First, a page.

Queen Margaret University College in Edinburgh this week celebrates its 125th anniversary. It arguably started life as a research-driven institution: its founders were inspired by studies on the link between poverty and ill-health, which showed that children from deprived backgrounds were less healthy than children from wealthier families.
They aimed to provide training for women from all backgrounds to improve both standards of health and career opportunities, including a campaign to introduce district nurses.
Outreach, wider access and lifelong learning have been perennial concerns. Tom Begg, of the department of applied consumer studies, in The Excellent Women, his book about the origins and history of QMUC, notes that by 1877 the college was running cookery classes in 41 towns.
It offered low-cost evening classes in cheap cookery, which attracted between 500 and 1,000 students per session. According to college records: "As a result of these branch classes, local committees have reported not only great general improvement in the cookery and economy of the district, but many individual instances of improved comfort in the homes of the working classes."
Joan Stringer, QMUC's principal, said it had retained its commitment to the community. It has launched a Pounds 5 million development campaign, which includes a centre for advances in elderly patient care, a centre for complementary medicine and an institute for international health, aimed at helping developing countries plan primary health care systems.
Other initiatives include a chair in community health nutrition and a chair in culinary arts, focusing on changing eating patterns, which include a 20 per cent drop in the past decade in meals eaten at home.
QMUC now offers degree courses in health, theatre arts, communication and information, science, business and management and social science, and claims Scotland's highest graduate employment rate of 86 per cent.
But it has at times found its progress frustratingly slow. As one of the Scottish Office's central institutions, it was unable to expand from being a small specialist institution. And while it has had degree-awarding powers since 1992, its size meant there was no prospect of achieving the university title.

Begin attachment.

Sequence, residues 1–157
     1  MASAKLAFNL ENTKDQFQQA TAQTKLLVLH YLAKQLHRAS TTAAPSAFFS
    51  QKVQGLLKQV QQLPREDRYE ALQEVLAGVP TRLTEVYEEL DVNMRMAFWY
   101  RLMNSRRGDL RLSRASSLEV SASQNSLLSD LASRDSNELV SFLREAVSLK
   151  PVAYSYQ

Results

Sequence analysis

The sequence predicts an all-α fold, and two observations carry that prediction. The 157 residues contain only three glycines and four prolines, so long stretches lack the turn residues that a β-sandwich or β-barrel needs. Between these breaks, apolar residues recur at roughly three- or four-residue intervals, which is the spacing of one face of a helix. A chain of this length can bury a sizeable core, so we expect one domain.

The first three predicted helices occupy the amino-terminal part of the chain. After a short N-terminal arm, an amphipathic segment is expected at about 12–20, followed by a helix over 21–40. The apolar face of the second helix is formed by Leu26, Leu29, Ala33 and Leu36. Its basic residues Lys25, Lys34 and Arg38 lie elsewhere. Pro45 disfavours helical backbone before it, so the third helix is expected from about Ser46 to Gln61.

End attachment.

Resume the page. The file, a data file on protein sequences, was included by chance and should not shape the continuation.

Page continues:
But last year, it won the university college designation, and believes it is on track for meeting the university criteria. It has almost 3,000 full-time and 700 part-time students, and must have 4,000 full-time equivalent students overall. It is also well on the way to meeting the criterion of at least 300 students in five Scottish Higher Education Funding Council funding areas.
But Professor Stringer insisted that expansion must not come from disciplines that other institutions cover as well or better, but from fresh approaches to QMUC's work.
"I think the research assessment exercise has been a handicap," she said. "It keeps people focused on the subject groupings the RAE has set. It has improved, but it's tended to reflect the academic disciplines of the pre-92 institutions, and works against the kind of vocational subject base we have in place here."
An analysis of Shefc's teaching quality assessments between 1992 and 1998 shows QMUC outperforming all the post-92 universities and two of the older universities. Professor Stringer is looking to beef up the institution's postgraduate work, and believes the university title will be crucial in attracting high-calibre students.
"People ask me why Edinburgh needs a fourth university. But it's got four universities already. Dropping the college from our title wouldn't mean doing anything differently," she said.